does not stop; it is increasingly atrocious and
terrifying, he told Radio Vatican.

Archbishop Jean Benjamin Sleiman told the Rome-based
Misna missionary agency that the missile strike on
a Baghdad market earlier in the week had caused
widespread dismay.

No way, said Colin Powell. He told an Arab TV
station that a ceasefire would only encourage
President Hussein into thinking he could avoid
being toppled. (Wasn't that supposed to be about
'disarming' - ie, WMDs?)

No way, said Rumsfeld also. He was told that some
countries might ask the UN to halt the slaughter.
No matter what they might propose, there isn't going
to be a ceasefire, he said. Motto: "stuff happens".

["Return to Basra", end of April - in "Ossietzky"]

An Austrian oncologist, Dr. Hobiger, returns to
Basra after the war is over. She finds the sight
of all the new ruins very upsetting: Basra, already
devastated by previous bombings, looks worse still.

There is graffiti on the walls of houses asking
Americans and the British to "leave our country".

At the Mother-and-Child Hospital Ibn Ghazwan, her
Iraqi colleagues tell her how they tried to protect
the hospital after the war broke out. Some of the
doctors stayed day and night after the looting
began when the British took Basra. They then went
to the British headquarters at the Hotel Shatt-el-Arab
and asked for protection for the hospital - for the
sake of one hundred critically ill children. The
Iraqi doctors got the same answer from the British
occupiers as the Baghdadis got from the Americans:
"We are here to fight, not to protect. This is not
our task."

The stock rooms for food and medical supplies were
looted at the beginning. Now there is a shortage
of drugs. Only critical cases can be admitted,
others are treated as outpatients. Ninety percent
of all child-patients are suffering from diarrhoea.

There are cases of cholera and typhoid in Basra,
notes Dr. Hobiger. And the water supply is dismal.
In desperation, people bore into water pipes to
get water. Others, desperate for a few Dinars,
take copper pipes to sell. But the British refuse
to protect the 15 pumping stations. Helpers from
the IRC are mending the pipes daily. One IRC man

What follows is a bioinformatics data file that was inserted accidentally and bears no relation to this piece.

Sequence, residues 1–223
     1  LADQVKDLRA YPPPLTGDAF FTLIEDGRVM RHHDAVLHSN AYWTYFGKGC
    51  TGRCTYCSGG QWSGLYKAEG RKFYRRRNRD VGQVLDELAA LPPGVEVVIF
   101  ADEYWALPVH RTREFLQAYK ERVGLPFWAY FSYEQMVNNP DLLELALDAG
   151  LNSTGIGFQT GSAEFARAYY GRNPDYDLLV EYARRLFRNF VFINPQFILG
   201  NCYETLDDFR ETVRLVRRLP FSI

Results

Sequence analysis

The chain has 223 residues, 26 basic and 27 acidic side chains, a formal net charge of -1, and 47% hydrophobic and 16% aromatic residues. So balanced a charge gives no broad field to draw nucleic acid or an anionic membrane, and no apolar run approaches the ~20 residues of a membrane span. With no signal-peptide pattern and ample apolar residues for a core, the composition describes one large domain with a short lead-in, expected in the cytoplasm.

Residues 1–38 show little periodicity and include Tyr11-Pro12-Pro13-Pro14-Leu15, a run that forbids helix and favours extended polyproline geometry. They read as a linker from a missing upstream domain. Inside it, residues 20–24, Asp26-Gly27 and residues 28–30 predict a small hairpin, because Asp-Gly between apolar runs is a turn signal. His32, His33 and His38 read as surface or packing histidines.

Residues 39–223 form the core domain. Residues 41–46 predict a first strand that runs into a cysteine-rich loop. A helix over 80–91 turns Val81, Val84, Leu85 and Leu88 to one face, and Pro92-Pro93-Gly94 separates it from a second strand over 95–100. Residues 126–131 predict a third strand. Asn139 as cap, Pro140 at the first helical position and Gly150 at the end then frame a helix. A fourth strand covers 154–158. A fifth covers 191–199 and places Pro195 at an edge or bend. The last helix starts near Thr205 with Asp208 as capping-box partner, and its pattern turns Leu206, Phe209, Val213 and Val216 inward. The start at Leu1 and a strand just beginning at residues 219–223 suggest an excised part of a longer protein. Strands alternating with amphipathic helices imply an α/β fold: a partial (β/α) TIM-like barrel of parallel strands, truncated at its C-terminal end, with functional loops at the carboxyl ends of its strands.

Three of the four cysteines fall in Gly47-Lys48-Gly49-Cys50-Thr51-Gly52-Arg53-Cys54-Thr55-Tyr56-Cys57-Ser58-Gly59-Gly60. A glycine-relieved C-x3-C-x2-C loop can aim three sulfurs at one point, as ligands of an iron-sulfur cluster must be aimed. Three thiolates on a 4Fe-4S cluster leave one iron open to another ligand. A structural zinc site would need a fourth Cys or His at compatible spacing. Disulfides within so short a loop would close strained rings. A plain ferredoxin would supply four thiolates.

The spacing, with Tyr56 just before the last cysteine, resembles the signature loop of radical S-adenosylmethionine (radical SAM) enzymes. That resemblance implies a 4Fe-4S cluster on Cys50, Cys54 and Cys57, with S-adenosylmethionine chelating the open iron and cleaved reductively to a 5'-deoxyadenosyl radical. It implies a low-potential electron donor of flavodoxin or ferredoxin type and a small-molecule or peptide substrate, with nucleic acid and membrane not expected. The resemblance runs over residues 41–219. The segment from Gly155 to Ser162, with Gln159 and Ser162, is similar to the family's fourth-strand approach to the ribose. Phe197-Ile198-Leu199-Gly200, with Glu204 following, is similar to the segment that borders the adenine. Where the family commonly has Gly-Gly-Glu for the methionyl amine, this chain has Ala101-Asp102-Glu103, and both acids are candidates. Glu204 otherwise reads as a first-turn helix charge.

said this was a breach of the Geneva Convention:
"The British are responsible for the situation."

Temperatures are rising and hundreds, possibly
thousands, of infants will die dies summer of
from diarrhoea and dehydration. These children
will be victims of war, but their names won't
get into the statistics.

Dr. Hobiger also met with Archbishop Gabriel
Kassab. He told her a story she found almost
incredible, she writes, but other people in Basra
confirmed it: On one occasion, the British threw
food packages into the crowd from a lorry. This
went on while journalists were filming. As soon
as the filming was finished, the food distribution
stopped, and the lorry was closed up again.

Archbishop Kassab himself tried to share food with
the poor. But at this point (April) he had nothing
left, and for the poor there was only starvation.

[Western Catholic Reporter, July 8, 2003]

"There is no security in Iraq", Baghdad Chaldean
Catholic Bishop Shlemon Warduni told Vatican Radio.

"The people of Iraq are living in great difficulty,"
he said. "In the absence of an effective government
we are falling into chaos."

Bishop Warduni asked international leaders for
cooperation in the effort "to make Iraq free and
democratic, without any occupation." And "for the
sake of the young people and children, we want a
bit of freedom."

And he stressed that the country cannot regain a
sense of normalcy until there is "a provisional
government - or at least a system of law."

Elga Sutter

Sent via the discussion list of the Campaign Against Sanctions on Iraq.
To unsubscribe, visit
To contact the list manager, email
All postings are archived on CASI's website:

[Campaign Against Sanctions on Iraq Homepage]